On the way up to your corner office every day, you’ve probably encountered one of the following: the Cell-Phone Shouter (“Sorry, what? I’m in the elevator. The elevator”), the Weather Reporter (“Rain all weekend! Better start building that ark!”), the News Analyst—thanks to omnipresent LCD screens (“Whatever, O.J. Where’s your buddy Kato Kaelin now?”). Most egregious of all? The Door Crasher—the guy who sprints through the elevator bank and thrusts a limb between the shutting steel slabs in an attempt to make it to the second floor 20 seconds faster. “If you’re running for the elevator, just say, ‘Please hold the door,’” says Barbara Pachter, author of New Rules @ Work. That sounds simple. But when current etiquette makes it okay to pretend to be deaf-mute when a wild-eyed colleague makes a run for the elevator you’re in, the aggressive approach is sometimes understandable. Still, that doesn’t make it polite.

Maybe it’s the gregarious millennials. Maybe it’s that comfortable silence has become a lost art. Whatever the reason, morning attacks—co-workers accosting fragile colleagues on the last steps of their walks to the office or before they’ve had a chance to hang up their coats to talk weekends (or worse, business)—are on the rise. Do not propagate them. In a civilized society, there would be no talking at the office until everyone had had a quiet moment with a cup of coffee. As for the polite way to deflect the morning attack—just smile, nod, and say something along the lines of “I’ve gotta check my e-mail. I’ll come talk to you in a bit.”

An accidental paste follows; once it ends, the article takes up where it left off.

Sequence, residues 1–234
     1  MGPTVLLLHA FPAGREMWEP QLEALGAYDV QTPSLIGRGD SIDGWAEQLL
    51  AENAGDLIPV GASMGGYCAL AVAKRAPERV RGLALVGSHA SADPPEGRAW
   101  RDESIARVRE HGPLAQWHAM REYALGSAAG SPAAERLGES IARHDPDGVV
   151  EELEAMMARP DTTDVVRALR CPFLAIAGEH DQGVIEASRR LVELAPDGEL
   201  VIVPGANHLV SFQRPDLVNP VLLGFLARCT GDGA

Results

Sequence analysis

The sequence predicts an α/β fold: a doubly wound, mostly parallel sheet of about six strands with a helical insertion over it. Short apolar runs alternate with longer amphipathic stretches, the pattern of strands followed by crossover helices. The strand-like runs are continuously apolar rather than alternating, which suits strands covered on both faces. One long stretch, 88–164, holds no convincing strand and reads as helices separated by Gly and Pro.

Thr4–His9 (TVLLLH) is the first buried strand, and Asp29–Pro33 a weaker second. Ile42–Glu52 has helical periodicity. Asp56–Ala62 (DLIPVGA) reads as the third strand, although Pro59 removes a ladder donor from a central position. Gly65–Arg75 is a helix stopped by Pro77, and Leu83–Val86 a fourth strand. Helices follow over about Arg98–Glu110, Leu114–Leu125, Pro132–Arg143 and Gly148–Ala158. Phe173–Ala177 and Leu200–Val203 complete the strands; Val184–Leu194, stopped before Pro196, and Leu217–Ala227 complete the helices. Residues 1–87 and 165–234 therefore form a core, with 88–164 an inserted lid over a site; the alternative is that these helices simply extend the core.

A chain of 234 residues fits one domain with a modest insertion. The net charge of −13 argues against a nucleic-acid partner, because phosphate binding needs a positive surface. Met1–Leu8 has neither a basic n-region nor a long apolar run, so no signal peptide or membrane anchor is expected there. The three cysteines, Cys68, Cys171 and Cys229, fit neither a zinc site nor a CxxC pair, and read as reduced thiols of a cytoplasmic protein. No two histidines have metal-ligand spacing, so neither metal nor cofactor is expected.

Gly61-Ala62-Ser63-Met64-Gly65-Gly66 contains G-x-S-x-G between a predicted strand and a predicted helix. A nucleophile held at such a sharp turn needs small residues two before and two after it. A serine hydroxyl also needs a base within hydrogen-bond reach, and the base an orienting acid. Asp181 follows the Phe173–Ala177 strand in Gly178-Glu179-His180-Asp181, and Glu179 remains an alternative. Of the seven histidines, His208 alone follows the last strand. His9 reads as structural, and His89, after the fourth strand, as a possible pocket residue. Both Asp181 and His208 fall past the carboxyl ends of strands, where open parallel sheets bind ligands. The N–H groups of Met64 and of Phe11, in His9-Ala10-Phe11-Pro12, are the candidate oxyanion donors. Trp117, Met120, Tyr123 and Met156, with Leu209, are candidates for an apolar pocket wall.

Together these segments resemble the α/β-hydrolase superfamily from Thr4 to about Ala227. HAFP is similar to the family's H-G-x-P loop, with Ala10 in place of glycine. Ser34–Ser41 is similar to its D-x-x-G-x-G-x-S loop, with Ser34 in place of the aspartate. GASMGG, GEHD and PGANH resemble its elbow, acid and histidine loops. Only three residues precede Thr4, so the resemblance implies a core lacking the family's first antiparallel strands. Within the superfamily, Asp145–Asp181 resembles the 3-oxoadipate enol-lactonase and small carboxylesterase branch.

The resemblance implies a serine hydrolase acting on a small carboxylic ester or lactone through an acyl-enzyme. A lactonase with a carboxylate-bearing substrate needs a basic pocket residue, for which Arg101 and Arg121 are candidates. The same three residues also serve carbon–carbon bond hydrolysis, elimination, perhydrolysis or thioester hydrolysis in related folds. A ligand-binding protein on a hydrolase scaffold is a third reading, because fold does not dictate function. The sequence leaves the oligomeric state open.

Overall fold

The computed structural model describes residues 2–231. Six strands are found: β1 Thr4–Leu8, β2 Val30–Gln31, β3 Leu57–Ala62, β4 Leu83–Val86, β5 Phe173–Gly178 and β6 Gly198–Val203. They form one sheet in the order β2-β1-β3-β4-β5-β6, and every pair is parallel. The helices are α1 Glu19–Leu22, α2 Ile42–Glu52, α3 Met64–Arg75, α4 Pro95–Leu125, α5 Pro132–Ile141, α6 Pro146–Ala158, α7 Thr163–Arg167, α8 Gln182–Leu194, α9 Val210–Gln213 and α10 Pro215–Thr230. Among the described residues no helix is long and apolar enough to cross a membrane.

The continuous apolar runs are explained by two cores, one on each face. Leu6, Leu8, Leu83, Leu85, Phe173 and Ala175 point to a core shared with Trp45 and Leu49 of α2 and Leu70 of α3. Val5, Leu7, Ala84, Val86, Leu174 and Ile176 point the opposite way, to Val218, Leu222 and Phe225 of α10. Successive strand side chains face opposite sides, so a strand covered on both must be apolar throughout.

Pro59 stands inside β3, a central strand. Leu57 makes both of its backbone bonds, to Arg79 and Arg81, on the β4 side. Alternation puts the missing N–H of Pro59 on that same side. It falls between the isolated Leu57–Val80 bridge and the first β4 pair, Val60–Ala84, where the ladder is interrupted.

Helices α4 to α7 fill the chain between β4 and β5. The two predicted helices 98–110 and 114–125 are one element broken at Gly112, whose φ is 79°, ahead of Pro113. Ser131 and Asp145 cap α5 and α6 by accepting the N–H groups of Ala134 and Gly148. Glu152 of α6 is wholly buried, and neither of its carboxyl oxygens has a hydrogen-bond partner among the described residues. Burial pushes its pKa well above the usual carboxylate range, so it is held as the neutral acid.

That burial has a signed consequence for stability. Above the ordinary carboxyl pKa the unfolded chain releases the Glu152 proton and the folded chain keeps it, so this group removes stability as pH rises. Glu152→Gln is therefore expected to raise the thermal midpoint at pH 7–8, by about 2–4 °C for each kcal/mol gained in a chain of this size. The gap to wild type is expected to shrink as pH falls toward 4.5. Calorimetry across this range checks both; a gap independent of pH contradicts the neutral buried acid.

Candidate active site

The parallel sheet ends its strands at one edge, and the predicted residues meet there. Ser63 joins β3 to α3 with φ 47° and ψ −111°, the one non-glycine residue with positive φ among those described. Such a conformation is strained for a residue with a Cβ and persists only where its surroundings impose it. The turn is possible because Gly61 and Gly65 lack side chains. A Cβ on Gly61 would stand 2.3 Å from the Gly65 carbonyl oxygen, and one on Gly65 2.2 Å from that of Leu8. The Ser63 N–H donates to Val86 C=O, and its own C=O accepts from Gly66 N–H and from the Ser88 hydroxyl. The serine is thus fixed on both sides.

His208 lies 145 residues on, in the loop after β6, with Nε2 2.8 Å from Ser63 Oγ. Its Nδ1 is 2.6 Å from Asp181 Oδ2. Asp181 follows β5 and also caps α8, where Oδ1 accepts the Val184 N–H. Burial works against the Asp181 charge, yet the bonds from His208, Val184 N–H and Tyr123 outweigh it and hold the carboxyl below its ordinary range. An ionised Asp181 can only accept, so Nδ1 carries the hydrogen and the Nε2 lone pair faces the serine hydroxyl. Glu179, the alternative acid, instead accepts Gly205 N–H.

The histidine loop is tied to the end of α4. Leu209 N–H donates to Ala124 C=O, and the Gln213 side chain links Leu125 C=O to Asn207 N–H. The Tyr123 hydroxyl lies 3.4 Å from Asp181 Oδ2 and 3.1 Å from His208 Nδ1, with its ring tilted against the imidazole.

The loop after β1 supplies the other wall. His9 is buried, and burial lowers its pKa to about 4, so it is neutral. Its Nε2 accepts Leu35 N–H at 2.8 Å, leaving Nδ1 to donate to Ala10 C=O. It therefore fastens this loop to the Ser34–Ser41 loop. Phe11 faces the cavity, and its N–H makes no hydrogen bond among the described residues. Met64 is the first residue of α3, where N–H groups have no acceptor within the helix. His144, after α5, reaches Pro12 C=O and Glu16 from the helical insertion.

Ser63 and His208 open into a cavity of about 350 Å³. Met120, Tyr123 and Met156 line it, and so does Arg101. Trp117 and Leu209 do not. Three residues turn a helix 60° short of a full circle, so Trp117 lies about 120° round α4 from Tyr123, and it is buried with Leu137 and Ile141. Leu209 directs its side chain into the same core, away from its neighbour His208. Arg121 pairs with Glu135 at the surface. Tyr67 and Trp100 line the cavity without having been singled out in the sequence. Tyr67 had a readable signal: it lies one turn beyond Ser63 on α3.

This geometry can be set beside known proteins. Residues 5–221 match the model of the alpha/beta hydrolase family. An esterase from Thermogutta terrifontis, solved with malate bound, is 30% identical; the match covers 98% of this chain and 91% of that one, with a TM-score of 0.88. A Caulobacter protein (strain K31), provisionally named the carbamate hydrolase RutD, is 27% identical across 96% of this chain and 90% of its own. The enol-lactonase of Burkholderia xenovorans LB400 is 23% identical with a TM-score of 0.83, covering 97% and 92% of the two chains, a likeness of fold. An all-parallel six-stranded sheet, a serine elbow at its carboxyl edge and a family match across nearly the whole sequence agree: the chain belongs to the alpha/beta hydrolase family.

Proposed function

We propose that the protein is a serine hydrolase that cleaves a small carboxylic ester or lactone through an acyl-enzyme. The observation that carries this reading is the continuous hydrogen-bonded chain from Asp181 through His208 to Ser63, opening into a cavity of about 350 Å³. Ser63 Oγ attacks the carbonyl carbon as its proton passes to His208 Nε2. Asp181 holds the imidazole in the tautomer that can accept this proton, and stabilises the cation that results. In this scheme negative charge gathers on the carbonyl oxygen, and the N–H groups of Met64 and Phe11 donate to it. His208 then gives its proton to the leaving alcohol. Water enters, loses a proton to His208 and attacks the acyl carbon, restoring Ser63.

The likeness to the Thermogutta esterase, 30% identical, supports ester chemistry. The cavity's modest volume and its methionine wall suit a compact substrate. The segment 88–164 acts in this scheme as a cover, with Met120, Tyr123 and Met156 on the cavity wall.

Misspellings, emoticons, and e.e. cummings-style lowercasing in office e-mails are no longer just annoying, they’re officially rude. They can also be woefully misinterpreted. Are those smiley faces genuine or contemptuous? Even those who know better than to end an e-mail with :( can offend in other ways, like by using highest-priority flags for e-mails about the shortage of mugs in the kitchen or sending announcements about a friend’s charity road race to the entire staff. “These especially aggravate people on handhelds,” says Will Schwalbe, coauthor of Send: The Essential Guide to Email for Office and Home. “The more indiscriminately you communicate, the less effective your communication will be.” Use your e-mail for work correspondence only, and insist underlings do the same. Your reward, according to Schwalbe: “The genius of sending fewer e-mails is you get fewer e-mails.”

As phone communication has become marginalized in the workplace, it has also become abused. Apparently uncomfortable with speaking into a receiver attached to a cord, many professionals have started using speakerphone—not just for conference calls but for one-on-one conversations as well. On the rudeness spectrum, this falls somewhere between repeatedly canceling a meeting at the last minute and loudly yawning in the middle of someone else’s presentation. The other notable phone-related scourge involves cell phones and PDAs. The rules about using them are as hard and fast in the office as they are in movie theaters and restaurants—keep them on vibrate, and don’t set them out on the table in front of you during a meeting unless it’s absolutely necessary.